U.S. Rep. Bradley Byrne stopped by the campus for a quick tour and to check in with his old Alabama Senate colleague, Quinton Ross, ASU’s new president.
But the visit wasn’t simply a friendly calling. Byrne is co-chair of the House’s Historically Black Colleges and Universities Caucus – a group tasked with making recommendations to the White House on how to meet HBCUs’ needs in the coming years.
“These institutions are vitally important – not just to the students and faculty on their campuses, but to the communities they serve and, truly, to all of the country,” Byrne said. “I’ve learned a great deal about HBCUs while serving on this caucus, and I have a much deeper appreciation for what they do.”
For Ross, the Byrne visit was the first physical sign of a change in culture at the top of ASU.
During the majority of previous president Gwendolyn Boyd’s tenure, the administration, and particularly Boyd, shied away from meetings with lawmakers and had almost no interaction with state leaders. It was a position that many people, including lawmakers from both sides of the aisle, criticized.
After all, how can the men and women who control the purse strings provide the necessary funding if they have no idea what the university needs or wants?
Ross has vowed to change that, leaning on his 15 years in the Senate and a solid relationship with both Republican and Democratic lawmakers.
“I have always been someone who could look past party differences and move towards common goals,” Ross said. “I truly believe that everyone wants ASU to succeed, because it means we all succeed.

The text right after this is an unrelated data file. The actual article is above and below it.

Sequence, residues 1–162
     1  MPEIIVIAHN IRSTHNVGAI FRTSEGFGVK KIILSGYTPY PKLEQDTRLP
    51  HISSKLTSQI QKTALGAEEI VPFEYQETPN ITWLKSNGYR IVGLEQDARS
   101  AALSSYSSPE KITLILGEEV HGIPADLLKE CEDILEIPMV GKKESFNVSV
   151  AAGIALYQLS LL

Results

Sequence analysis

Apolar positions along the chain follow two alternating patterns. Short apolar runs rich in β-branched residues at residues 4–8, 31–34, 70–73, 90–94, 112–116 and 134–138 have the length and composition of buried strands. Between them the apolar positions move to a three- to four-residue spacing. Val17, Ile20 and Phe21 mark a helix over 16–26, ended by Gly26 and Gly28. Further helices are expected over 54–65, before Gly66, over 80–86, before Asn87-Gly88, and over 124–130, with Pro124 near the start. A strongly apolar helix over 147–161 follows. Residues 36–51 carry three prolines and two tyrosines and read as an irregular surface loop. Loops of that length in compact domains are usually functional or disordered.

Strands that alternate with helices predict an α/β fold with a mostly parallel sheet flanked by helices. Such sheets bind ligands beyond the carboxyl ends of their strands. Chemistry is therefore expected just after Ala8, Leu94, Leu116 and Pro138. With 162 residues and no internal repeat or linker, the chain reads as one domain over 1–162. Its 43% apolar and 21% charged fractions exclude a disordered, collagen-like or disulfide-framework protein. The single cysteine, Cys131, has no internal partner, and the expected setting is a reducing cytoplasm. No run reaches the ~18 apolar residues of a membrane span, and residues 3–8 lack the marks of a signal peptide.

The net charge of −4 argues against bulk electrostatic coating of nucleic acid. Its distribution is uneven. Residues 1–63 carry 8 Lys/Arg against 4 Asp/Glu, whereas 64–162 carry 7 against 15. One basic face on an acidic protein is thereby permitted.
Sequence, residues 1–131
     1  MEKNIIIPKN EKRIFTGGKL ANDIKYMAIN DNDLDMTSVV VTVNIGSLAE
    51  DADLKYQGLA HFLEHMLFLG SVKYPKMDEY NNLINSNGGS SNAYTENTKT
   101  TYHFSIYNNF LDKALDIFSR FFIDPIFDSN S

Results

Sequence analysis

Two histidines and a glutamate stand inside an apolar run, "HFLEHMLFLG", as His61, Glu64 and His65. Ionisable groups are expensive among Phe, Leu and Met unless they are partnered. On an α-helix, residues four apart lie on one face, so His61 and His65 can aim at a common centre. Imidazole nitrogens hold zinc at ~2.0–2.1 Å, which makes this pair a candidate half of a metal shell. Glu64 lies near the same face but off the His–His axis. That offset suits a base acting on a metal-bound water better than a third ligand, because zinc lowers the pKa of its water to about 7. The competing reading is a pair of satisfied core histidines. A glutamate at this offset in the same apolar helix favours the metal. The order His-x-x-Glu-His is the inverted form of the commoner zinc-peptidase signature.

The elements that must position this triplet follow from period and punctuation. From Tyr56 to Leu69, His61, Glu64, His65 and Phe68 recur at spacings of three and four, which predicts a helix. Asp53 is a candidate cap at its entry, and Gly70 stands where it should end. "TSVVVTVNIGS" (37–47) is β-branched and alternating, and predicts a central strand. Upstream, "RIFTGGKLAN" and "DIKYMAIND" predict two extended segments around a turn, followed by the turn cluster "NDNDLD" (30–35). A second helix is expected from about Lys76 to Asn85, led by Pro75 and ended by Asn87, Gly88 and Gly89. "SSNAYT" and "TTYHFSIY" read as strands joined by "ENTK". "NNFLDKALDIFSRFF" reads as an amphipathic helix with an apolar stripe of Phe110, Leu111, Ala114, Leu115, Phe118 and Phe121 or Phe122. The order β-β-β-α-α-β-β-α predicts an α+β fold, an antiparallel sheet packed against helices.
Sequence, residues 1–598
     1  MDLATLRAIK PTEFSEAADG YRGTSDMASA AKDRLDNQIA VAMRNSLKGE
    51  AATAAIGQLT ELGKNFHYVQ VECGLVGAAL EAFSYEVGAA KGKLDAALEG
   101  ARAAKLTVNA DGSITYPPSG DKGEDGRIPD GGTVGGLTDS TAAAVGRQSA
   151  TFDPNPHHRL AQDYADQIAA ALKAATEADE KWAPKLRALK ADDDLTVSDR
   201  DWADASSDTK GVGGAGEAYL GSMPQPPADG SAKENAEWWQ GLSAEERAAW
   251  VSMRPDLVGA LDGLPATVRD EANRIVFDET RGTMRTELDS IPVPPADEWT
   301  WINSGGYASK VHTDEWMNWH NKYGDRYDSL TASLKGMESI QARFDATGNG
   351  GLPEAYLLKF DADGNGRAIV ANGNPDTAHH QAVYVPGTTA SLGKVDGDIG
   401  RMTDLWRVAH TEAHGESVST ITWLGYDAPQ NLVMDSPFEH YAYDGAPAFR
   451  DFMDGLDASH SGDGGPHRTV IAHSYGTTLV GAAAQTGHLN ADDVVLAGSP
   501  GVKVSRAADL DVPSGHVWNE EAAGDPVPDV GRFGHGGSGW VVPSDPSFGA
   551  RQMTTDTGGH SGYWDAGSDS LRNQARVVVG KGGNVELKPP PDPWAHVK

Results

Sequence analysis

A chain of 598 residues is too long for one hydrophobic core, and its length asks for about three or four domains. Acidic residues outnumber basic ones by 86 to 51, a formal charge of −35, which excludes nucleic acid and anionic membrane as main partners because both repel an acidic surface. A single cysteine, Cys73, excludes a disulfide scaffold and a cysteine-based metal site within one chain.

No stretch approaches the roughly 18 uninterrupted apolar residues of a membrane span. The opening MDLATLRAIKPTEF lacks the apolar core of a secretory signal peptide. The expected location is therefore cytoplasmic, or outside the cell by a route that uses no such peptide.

“Rep Byrne and I built a great relationship serving in the state Senate together, and we are friends.”
Byrne said he told Ross that he believed the ASU grad was “the right president at the right time” for the university.
When it came to specifics, however, Byrne provided few details of what he might be able to do for ASU specifically.
Byrne was asked if ASU should be provided additional state and federal funding to compensate the university for the damaging state investigation it endured the last four years. That investigation turned up no crimes, but grand claims of fraud and mishandled funds by a private auditing firm contracted by the state cost ASU millions in funding, lowered the school’s credit rating and drove away thousands of students.
In all, ASU was forced to trim more than $20 million from its operating budget over the last three years.
To those questions, Byrne said he wanted to make sure all HBCUs like ASU were treated fairly and received proper funding, but he also noted that he had little control over state dollars.